AP Statistics Curriculum 2007 Hypothesis L Mean
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===Example=== | ===Example=== | ||
- | Let's [[AP_Statistics_Curriculum_2007_Estim_L_Mean#Example | revisit the ''number of sentences per advertisement'' example]], where we measure | + | Let's [[AP_Statistics_Curriculum_2007_Estim_L_Mean#Example | revisit the ''number of sentences per advertisement'' example]], where we measure the readability for magazine advertisements. A random sample of the number of sentences found in 30 magazine advertisements is listed below. Suppose: |
: We want to test at <math>\alpha=0.05</math> | : We want to test at <math>\alpha=0.05</math> | ||
: Null hypothesis: <math>H_o: \mu=20</math> | : Null hypothesis: <math>H_o: \mu=20</math> | ||
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: the <math>p-value=2\times 0.047= 0.094</math> for this (double-sided) test. | : the <math>p-value=2\times 0.047= 0.094</math> for this (double-sided) test. | ||
- | Therefore, we '''can not reject''' the null hypothesis at <math>\alpha=0.05</math>! The left and right white areas at the tails of the T(df=29) distribution depict graphically the probability of interest, which represents the strength of the evidence (in the data) against the Null hypothesis. In this case, the cumulative tail area is 0.094, which is larger than the initially set [[AP_Statistics_Curriculum_2007_Hypothesis_Basics | Type I]] error <math>\alpha = 0.05</math> | + | Therefore, we '''can not reject''' the null hypothesis at <math>\alpha=0.05</math>! The left and right white areas at the tails of the T(df=29) distribution depict graphically the probability of interest, which represents the strength of the evidence (in the data) against the Null hypothesis. In this case, the cumulative tail area is 0.094, which is larger than the initially set [[AP_Statistics_Curriculum_2007_Hypothesis_Basics | Type I]] error <math>\alpha = 0.05</math> so we can not reject the null hypothesis. |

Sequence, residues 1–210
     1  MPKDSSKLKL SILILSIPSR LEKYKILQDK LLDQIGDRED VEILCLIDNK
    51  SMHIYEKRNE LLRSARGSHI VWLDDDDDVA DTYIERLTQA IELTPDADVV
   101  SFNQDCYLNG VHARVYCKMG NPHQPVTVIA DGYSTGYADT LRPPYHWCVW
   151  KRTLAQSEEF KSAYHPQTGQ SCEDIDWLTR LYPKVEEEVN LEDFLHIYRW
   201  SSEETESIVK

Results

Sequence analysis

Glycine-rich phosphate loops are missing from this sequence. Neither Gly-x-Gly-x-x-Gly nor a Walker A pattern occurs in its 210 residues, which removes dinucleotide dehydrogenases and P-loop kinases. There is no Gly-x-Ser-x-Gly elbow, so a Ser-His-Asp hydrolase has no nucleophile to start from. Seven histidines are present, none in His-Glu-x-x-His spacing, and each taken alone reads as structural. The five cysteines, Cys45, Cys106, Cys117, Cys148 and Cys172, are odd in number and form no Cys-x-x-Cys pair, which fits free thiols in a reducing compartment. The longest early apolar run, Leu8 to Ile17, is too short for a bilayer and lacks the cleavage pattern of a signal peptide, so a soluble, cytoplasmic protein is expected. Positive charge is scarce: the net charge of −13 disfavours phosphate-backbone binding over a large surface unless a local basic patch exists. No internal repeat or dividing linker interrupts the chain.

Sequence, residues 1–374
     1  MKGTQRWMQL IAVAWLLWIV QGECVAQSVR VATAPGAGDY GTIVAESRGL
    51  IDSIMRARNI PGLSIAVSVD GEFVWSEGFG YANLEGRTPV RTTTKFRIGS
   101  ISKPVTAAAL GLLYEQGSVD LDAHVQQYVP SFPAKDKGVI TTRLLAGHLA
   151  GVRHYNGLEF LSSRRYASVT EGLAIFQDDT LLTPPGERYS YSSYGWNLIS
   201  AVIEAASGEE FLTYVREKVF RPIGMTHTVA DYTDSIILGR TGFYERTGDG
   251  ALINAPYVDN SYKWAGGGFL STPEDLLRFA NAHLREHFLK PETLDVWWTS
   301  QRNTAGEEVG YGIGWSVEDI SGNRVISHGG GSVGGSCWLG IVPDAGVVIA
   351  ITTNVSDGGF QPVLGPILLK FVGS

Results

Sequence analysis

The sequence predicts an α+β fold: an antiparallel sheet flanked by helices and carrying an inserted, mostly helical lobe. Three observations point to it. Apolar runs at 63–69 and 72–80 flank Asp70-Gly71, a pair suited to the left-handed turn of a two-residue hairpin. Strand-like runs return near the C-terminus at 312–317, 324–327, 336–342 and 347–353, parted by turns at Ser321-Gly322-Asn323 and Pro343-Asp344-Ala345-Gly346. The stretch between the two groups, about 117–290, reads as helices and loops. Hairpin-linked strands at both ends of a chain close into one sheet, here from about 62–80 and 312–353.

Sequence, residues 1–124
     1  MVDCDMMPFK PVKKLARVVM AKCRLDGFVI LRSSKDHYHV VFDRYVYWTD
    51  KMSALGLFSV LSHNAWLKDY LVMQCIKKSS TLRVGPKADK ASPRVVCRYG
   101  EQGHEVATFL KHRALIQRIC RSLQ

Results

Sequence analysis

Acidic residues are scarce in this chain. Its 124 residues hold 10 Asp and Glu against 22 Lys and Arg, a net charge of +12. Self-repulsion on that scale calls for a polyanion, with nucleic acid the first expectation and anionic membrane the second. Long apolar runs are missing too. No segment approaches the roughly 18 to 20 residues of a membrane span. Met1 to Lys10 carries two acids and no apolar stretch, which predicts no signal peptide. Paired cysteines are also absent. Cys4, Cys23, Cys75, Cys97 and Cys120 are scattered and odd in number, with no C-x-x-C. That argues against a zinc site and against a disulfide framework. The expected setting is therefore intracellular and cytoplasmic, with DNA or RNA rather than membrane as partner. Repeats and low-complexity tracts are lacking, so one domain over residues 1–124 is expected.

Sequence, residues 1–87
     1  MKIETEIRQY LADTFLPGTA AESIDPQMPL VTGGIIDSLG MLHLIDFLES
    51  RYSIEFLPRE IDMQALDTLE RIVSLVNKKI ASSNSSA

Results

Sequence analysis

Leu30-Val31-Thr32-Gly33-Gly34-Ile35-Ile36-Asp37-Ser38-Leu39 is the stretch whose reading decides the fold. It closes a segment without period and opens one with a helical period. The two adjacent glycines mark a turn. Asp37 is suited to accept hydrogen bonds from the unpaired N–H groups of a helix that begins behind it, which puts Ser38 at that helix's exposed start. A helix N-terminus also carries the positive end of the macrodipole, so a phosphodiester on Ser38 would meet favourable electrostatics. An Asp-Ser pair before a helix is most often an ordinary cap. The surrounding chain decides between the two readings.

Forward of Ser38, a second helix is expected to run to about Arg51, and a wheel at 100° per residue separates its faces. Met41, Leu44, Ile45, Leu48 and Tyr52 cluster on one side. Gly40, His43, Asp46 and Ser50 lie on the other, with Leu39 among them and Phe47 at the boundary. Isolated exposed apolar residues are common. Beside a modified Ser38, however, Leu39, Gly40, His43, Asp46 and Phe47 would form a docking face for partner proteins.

<center>[[Image:SOCR_EBook_Dinov_Hypothesis_020508_Fig3.jpg|600px]]</center> | <center>[[Image:SOCR_EBook_Dinov_Hypothesis_020508_Fig3.jpg|600px]]</center> | ||
- | * You can | + | * You can use the [http://socr.ucla.edu/htmls/SOCR_Analyses.html SOCR Analyses (One-Sample T-Test)] to carry out these calculations as shown in the figure below. |
<center>[[Image:SOCR_EBook_Dinov_Hypothesis_020508_Fig2.jpg|600px]]</center> | <center>[[Image:SOCR_EBook_Dinov_Hypothesis_020508_Fig2.jpg|600px]]</center> | ||
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====Cavendish Mean Density of the Earth==== | ====Cavendish Mean Density of the Earth==== | ||
- | A number of famous early experiments of measuring physical constants | + | A number of famous early experiments of measuring physical constants has later been shown to be biased. In the 1700's [http://en.wikipedia.org/wiki/Henry_Cavendish Henry Cavendish] measured the [http://www.jstor.org/stable/pdfplus/107617.pdf Mean density of the Earth]. Formulate and test null and research hypotheses about these data regarding the now known exact mean-density value = 5.517. These sample statistics may be helpful |
: n = 23, sample mean = 5.483, sample SD = 0.1904 | : n = 23, sample mean = 5.483, sample SD = 0.1904 | ||
<center> | <center> |
Revision as of 17:18, 28 June 2010
Contents |
General Advance-Placement (AP) Statistics Curriculum - Testing a Claim About a Mean: Large Samples
We already saw how to construct point and interval estimates for the population mean in the large sample case. Now, we show how to do hypothesis testing about the mean for large sample-sizes.